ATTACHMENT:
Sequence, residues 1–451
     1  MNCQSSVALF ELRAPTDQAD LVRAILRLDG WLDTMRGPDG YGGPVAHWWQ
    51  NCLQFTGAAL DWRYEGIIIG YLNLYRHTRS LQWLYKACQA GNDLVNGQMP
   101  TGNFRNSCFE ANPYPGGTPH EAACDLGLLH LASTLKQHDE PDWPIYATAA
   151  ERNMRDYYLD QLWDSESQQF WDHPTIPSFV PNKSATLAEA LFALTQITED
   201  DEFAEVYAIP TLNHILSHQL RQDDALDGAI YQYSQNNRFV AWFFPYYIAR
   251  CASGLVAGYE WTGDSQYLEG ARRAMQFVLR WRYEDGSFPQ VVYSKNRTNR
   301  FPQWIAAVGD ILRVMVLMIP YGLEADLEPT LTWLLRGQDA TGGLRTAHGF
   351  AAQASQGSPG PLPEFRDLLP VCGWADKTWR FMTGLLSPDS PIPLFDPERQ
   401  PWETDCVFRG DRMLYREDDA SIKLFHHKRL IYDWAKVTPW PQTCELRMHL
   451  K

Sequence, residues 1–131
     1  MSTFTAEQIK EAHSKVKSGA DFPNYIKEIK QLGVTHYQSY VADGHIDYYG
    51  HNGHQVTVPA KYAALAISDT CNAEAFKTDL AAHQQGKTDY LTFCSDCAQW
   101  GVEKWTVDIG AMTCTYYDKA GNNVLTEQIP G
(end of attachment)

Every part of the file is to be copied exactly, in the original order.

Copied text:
Sequence, residues 1–451
     1  MNCQSSVALF ELRAPTDQAD LVRAILRLDG WLDTMRGPDG YGGPVAHWWQ
    51  NCLQFTGAAL DWRYEGIIIG YLNLYRHTRS LQWLYKACQA GNDLVNGQMP
   101  TGNFRNSCFE ANPYPGGTPH EAACDLGLLH LASTLKQHDE PDWPIYATAA
   151  ERNMRDYYLD QLWDSESQQF WDHPTIPSFV PNKSATLAEA LFALTQITED
   201  DEFAEVYAIP TLNHILSHQL RQDDALDGAI YQYSQNNRFV AWFFPYYIAR
   251  CASGLVAGYE WTGDSQYLEG ARRAMQFVLR WRYEDGSFPQ VVYSKNRTNR
   301  FPQWIAAVGD ILRVMVLMIP YGLEADLEPT LTWLLRGQDA TGGLRTAHGF
   351  AAQASQGSPG PLPEFRDLLP VCGWADKTWR FMTGLLSPDS PIPLFDPERQ
   401  PWETDCVFRG DRMLYREDDA SIKLFHHKRL IYDWAKVTPW PQTCELRMHL
   451  K

Sequence, residues 1–131
     1  MSTFTAEQIK EAHSKVKSGA DFPNYIKEIK QLGVTHYQSY VADGHIDYYG
    51  HNGHQVTVPA KYAALAISDT CNAEAFKTDL AAHQQGKTDY LTFCSDCAQW
   101  GVEKWTVDIG AMTCTYYDKA GNNVLTEQIP G